Nineteenth century bottle recycling

In colonial Australia bottles were valuable things. Before 1872 next to no glass was produced in Australia until Felton and Grimwade, better known as a pharmaceutical manufacturer, established a bottle works at Spotswood in Melbourne. Incidentally, the Spotswood glassworks is still with us, although under different ownership.

It is also interesting that as well as medicines, Felton and Grimwade was also a pharmaceutical bottle importer in the early days of the company, something that probably inspired them to start local manufacture.

Even then bottles were made by formed in moulds and handblown, which made bottles expensive, and worth recycling – just quite how valuable they were was something that I hadn’t realised until a recent article on nineteenth century beer bottles on the Christchurch Uncovered archaeology blog.

So I did a little search for ‘bottles wanted’ on Trove:

And it’s quite interesting – as Australia becomes more and more developed there’s an increasing demand for bottles, peaking in the decade 1910-1919, perhaps because of wartime shortages – we see a secondary peak in 1940-49, perhaps for the same reason.

So even though Felton and Grimwade had started making bottles in 1872, this had little or no impact on demand for second hand bottles – there was a continuimg and increasing demand for second hand bottles throughout the nineteenth and early twentieth century, which is, of course, why quite a few nineteenth and early twentieth century bottles have statements like ‘this bottle always remains the property of Smith and & Co‘ cast into them, as a deterrent to unsanctioned reuse.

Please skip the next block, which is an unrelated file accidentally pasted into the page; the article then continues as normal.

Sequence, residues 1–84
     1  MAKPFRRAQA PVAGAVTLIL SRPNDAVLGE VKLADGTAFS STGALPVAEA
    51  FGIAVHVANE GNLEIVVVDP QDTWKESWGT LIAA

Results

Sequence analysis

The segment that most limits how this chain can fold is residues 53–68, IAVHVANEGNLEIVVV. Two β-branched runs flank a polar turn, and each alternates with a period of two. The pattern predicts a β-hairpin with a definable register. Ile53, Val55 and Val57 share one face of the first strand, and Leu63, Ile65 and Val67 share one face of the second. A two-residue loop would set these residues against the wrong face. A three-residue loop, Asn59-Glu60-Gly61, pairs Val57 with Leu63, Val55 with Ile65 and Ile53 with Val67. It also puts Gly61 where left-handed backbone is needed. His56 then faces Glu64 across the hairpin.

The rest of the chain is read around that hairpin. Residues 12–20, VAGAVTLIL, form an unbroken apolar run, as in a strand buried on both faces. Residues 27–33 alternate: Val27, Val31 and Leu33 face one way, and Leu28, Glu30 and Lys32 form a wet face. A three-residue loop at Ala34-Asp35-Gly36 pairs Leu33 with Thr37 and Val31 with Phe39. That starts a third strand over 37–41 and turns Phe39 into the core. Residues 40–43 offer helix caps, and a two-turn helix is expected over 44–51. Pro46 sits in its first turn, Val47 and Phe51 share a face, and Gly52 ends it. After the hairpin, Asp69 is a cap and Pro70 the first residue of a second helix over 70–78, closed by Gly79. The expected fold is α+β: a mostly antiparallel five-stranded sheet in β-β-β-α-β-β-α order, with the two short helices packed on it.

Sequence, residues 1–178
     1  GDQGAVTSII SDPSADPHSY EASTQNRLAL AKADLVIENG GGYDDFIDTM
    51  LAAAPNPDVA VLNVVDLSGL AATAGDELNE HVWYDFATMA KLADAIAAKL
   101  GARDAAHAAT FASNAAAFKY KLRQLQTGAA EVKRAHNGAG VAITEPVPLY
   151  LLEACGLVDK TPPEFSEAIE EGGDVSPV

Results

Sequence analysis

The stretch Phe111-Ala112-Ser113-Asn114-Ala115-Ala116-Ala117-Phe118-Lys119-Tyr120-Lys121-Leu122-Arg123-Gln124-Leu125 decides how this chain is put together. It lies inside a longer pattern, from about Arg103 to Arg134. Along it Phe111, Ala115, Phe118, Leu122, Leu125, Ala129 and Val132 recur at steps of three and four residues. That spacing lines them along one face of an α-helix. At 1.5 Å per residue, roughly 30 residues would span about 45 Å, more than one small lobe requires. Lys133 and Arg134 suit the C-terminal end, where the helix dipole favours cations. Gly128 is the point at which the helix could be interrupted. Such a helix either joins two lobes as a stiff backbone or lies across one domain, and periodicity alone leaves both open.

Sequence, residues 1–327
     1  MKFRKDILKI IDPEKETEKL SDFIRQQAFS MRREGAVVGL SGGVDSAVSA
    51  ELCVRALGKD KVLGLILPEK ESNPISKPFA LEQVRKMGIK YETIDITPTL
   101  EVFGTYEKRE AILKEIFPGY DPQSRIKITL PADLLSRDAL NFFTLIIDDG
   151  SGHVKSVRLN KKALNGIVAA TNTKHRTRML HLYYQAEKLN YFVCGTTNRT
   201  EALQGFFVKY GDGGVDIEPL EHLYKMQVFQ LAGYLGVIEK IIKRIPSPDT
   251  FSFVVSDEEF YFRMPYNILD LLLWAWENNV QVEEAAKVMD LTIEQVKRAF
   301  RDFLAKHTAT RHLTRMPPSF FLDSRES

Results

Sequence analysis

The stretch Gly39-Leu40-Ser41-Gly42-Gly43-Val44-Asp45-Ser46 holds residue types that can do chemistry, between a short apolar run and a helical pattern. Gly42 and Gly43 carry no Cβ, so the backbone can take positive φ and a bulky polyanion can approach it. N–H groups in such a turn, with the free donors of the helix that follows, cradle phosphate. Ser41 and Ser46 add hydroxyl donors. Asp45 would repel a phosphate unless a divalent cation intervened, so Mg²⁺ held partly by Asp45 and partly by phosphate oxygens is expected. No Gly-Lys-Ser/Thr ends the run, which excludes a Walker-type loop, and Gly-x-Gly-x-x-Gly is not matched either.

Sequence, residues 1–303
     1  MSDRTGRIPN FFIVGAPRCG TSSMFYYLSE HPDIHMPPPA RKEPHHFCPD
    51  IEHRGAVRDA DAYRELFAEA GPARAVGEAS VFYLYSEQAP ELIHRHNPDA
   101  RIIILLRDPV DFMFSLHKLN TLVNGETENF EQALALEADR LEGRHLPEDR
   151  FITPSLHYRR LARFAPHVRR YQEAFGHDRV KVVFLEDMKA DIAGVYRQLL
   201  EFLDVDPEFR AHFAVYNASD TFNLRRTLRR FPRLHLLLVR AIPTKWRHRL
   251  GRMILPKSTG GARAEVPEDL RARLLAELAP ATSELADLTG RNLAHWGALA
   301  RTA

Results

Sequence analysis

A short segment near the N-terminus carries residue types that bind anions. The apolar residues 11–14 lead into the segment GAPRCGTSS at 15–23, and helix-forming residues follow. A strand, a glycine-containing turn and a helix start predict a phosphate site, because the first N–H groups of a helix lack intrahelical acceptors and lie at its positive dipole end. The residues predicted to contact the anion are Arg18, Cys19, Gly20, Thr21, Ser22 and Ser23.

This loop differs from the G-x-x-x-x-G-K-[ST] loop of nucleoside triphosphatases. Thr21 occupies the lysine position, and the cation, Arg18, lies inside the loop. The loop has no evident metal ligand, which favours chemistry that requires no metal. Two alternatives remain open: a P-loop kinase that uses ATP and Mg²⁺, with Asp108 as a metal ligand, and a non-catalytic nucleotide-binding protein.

The reuse of bottle may also be a factor in explaining why so many of the old bottles for sale, where they are provenanced, come from old mining camps and sheep stations, where it wasn’t worth collecting them for reuse …

About dgm

Former IT professional, previously a digital archiving and repository person, ex research psychologist, blogger, twitterer, and amateur classical medieval and nineteenth century historian ...
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3 Responses to Nineteenth century bottle recycling

  1. Pingback: Libraries … | stuff 'n other stuff

  2. Pingback: What was thrown away and didn’t survive | stuff 'n other stuff

  3. dgm says:

    And as late as 1952 companies were asserting ownership of their bottles – – suggesting that bottles were considered a valuable resource

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